Looking like one of the pods that a Demogorgon might hatch out of on the series, Stranger Things, a Twitter user shared images of a bizarre and mysterious looking pod in a post that went viral. It doesn’t appear to be something from the earth, a strange alien-looking creature hatching from a translucent egg on the grass.
If you are unfamiliar, here is the “Demagorgon” from the popular Netflix series:
— Funko Europe (@FunkoEurope) April 30, 2018
Now look at the creature below. The images got imaginations racing all over the world.
Alien eggs hatching in the new forest: the wonderfully weird Devil's Fingers pic.twitter.com/wiFeYr22vO
— Dan Hoare (@DJHbutterflies) November 10, 2015
But what is this thing? It has bright red tentacles like an octopus, but seems to grow from an egg on land.
The man who found it is from Hampshire, England, where this species of fungus isn’t native. It’s an alien species called Devil’s Fingers, Octopus Stinkhorn, or Clathrus archeri.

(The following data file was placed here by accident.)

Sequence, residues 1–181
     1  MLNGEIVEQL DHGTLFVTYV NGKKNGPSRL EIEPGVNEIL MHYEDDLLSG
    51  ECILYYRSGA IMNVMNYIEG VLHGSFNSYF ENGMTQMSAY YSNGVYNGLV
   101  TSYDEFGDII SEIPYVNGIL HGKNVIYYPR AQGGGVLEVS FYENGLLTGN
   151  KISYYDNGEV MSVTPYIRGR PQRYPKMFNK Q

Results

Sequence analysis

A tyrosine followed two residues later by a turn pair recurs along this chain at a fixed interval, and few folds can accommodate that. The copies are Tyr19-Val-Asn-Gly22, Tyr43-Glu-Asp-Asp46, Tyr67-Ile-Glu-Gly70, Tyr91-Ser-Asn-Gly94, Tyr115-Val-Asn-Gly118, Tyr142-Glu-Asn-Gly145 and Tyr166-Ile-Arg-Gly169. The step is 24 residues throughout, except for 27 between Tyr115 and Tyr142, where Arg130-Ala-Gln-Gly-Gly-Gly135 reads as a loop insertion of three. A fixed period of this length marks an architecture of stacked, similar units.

Watching the “tentacles” emerge from the egg, it really does look like an alien is being born. (The video is time lapse)
The “tentacles” are actually the reproductive parts of the fungus, which attract flies with a rancid smell. Once a fly lands on the smelly fungus, spores stick to it and are carried away for miles.
The tentacles can appear white, like a scary zombie hand coming from the ground. The exotic fungus is native to New Zealand and Australia, but it has been introduced in England, where it has been observed for over a century. It is thought the fungus may have made its way to England inside crates of military weapons shipped during World War I.
Now, these alien species are growing in California too, thought to have come along with shipments of exotic plants.
Interestingly, the fungus is said to be edible, although why anyone would want to do that is almost as mysterious as the fungus itself. As with any mushroom, it’s always best to leave it to the experts to determine which types are truly edible.
See more in the videos below:
Featured image: Screenshots via Twitter